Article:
Inside Track by Paul Flatters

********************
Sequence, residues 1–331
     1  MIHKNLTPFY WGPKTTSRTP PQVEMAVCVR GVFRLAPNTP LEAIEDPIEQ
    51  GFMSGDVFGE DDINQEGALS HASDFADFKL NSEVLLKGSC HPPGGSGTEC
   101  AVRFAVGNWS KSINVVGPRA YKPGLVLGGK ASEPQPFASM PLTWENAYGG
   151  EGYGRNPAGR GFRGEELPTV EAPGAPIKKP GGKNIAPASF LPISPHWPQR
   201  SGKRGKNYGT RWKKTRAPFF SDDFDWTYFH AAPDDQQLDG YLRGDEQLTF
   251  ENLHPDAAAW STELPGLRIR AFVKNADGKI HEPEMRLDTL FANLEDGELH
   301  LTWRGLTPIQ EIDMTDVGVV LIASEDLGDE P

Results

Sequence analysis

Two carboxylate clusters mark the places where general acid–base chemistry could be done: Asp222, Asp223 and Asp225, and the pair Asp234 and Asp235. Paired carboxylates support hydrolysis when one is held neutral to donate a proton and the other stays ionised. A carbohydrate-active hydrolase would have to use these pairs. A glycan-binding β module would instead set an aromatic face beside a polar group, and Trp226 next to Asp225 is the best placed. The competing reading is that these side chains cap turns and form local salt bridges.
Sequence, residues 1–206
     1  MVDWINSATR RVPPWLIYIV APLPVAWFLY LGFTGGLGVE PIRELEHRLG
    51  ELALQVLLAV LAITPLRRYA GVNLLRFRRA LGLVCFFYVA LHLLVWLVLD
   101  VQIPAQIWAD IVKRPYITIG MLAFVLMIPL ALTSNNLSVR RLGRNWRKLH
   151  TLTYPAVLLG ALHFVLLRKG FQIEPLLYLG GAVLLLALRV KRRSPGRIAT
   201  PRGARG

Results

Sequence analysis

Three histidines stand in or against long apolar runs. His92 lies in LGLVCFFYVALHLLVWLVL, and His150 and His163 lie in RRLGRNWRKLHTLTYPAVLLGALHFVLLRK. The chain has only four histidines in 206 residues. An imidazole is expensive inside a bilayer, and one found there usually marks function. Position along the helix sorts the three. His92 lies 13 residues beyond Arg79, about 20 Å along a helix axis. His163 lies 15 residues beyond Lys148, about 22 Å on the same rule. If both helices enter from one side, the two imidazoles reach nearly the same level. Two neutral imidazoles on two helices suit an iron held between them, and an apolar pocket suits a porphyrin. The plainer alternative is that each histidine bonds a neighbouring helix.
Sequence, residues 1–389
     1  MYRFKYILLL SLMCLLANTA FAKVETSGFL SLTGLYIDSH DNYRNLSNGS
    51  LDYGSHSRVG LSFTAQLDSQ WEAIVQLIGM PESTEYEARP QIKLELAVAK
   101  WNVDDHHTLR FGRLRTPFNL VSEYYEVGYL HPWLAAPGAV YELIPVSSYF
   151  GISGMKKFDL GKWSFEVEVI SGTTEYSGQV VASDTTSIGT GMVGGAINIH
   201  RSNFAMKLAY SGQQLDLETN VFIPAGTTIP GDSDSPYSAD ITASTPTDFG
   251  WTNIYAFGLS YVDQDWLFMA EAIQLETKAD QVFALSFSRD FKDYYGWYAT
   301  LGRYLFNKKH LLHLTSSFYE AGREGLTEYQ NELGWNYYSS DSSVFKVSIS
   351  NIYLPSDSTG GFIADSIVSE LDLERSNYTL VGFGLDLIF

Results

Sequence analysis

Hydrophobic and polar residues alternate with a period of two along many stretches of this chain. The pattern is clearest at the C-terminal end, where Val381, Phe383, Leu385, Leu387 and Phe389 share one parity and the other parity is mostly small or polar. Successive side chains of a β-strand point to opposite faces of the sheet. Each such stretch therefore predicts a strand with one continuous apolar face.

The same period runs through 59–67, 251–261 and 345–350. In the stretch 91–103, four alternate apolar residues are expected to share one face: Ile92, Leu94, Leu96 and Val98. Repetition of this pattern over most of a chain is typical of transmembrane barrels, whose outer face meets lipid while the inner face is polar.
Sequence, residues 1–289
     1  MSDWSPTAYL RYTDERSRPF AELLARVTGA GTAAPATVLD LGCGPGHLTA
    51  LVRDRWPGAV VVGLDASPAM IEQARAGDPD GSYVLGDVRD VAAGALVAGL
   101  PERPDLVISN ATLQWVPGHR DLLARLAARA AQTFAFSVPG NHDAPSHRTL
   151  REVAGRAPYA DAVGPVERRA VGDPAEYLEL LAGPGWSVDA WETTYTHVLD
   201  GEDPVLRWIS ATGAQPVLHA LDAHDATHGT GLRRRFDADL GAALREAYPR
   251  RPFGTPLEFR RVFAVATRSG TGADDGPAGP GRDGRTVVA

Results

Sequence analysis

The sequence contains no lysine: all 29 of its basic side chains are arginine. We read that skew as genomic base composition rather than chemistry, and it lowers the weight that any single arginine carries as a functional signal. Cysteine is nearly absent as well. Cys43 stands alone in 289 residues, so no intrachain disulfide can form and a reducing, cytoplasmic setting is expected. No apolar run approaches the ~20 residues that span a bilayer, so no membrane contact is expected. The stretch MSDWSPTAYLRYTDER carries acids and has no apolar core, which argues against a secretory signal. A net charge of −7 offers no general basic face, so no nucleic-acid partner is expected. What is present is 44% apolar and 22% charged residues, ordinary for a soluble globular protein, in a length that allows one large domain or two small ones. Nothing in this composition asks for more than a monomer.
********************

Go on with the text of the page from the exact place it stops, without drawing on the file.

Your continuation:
The CBI, FT, IOD, OECD, and other institutions that constitute the alphabet soup of economic forecasting are agreed – the current economic downturn will become a full-blown recession in 2009. There was a time when we were quite used to recessions. The one in the early 1980s came only a few years after the one in the 1970s. The one in the 1990s came less than 10 years after the one in the 1980s. But this recession will be our first for 16 years. Many of us may have forgotten what recession is like and, in particular, how consumers behave in them. So what might pub and restaurant retailers learn from the experience of previous recessions? Whilst trading will be tough, opportunities exist for those who understand the new consumer psyche. Looking at total consumer spending, while spending on alcohol and spending on eating out changed, quarter by quarter, from the onset of the 1990s recession, it is worth noting two important points about consumer behaviour and recessions. First, recessions can get off to a slow start. Second, recessions can have a long tail (data for the 1980s recession reveal the same pattern). Spending across all the categories held up pretty well in the first few quarters of the last downturn. This makes perfect sense. At first people are not sure if there will be a recession and then they are not certain about how deep or sustained in will be. The 1990s recession only began to bite into consumer spending when consumers became clear that the recession was for real. Unemployment is of crucial importance here. It is the economic indicator that can do most to undermine consumer confidence. Not only does it transform the spending behaviour of those who lose their jobs, it also has a ‘vicarious’ effect. People who are still in work, but have seen a friend, a family member, a colleague or a neighbour lose their job reign in their spending fearing they may be next. We are lucky to have started this downturn with relatively high levels of employment. But September’s figures suggest an acceleration in the unemployment rate. Future unemployment levels will be key in determining the depth and duration of the recession and its impact on consumer spending, especially in discretionary sectors like drinking and eating out. Recessions can also create an extended, depressing effect on consumer spending, lasting long after the ‘official’ end of a recession (defined by when GDP starts to grow again). Though the 1990s recession officially ended in Q3 1992, in early 1995 we were still wondering aloud about when consumer confidence, and spending, would return to some sectors of the economy. The fact that consumer confidence and consumer spending cannot be turned on and off like a tap is worth keeping in mind when economists today talk about recovery in 2010. That recovery, even if it happens, may not be reflected in consumer spending for some considerable time. Trends accelerated and trends derailed A recession can reflect or exacerbate trends which were already present in a market place. For example, the relative decline of beer and spirits was already underway by the time the 1990s recession hit. The recession seemed to accelerate the trend and make things worse. In contrast, spending on wine, which had been growing, held up relatively well. So, this time round, it seems likely that sectors that have been doing well will suffer less in the downturn, and those that have been struggling will suffer further still. That said, some trends are completely stopped in their tracks by recession. For example, time series data from Mori suggest that concern about the environment peaked in July 1989, just as the last recession began. At that time 35% of the population thought that ‘pollution and the environment’ was the, or one of the, major issues facing the country. By January 1991, this figure had dropped to 5%, and has never fully recovered to this day. This time round the impact of a recession on green and ethical consumption is likely to be more subtle and complex. On the one hand, as price consciousness increases, it will be much more difficult to persuade consumers to pay a premium for organic or fair-trade goods, for example. However, other green behaviours that save money for the consumer (such as, drinking tap water rather than bottled water) are likely to prove increasingly popular. Whereas, the new green campaign to persuade us to become vegetarian to save the planet will probably not be affected by the recession one way or the other. Opportunities and lessons One other thing we know about recessions is that, even within the same sector, some businesses thrive as others struggle and fail. Perhaps the most important lesson is that it is dangerous to generalise about consumers’ experience of recession. Different groups are impacted differently. There is an important distinction to be made between those who have no choice but to cut back and those who cut back because of reduced confidence. The latter can be tempted in to spending, even splashing out, from time to time. Indeed, the 1990s recession was the making of some markets that involved small, self-contained, luxurious treats. These benefited from what became known as the ‘sod it’ factor. The ‘sod it’ factor tapped in to the feeling that, even though we may be cutting back in most areas, life has to be worth living – so I will have a quality coffee and pastry, a bite to eat out, or a decent glass of wine, for example. Similarly, different demographic groups will have different prospects and behaviours in a recession. Paradoxically, the twenty-something demographic could be a good target in the coming recession. For years, they have struggled and failed to get on the housing ladder. Now they will be one of the few groups with disposable income not to be affected by falling house prices. Finally, and keeping in mind the point made about unemployment above, recessions are often experienced very differently by region. The South of England largely escaped the 1980s recession, and yet was more acutely affected by the 1990s recession than the North (where low or stagnant growth remained a constant feature). At the moment it is not clear which regions will suffer most, but differential regional employment prospects are something to watch. Paul Flatters is managing partner at Trajectory, a group that specialises in analysing and forecasting social trends. Visit or email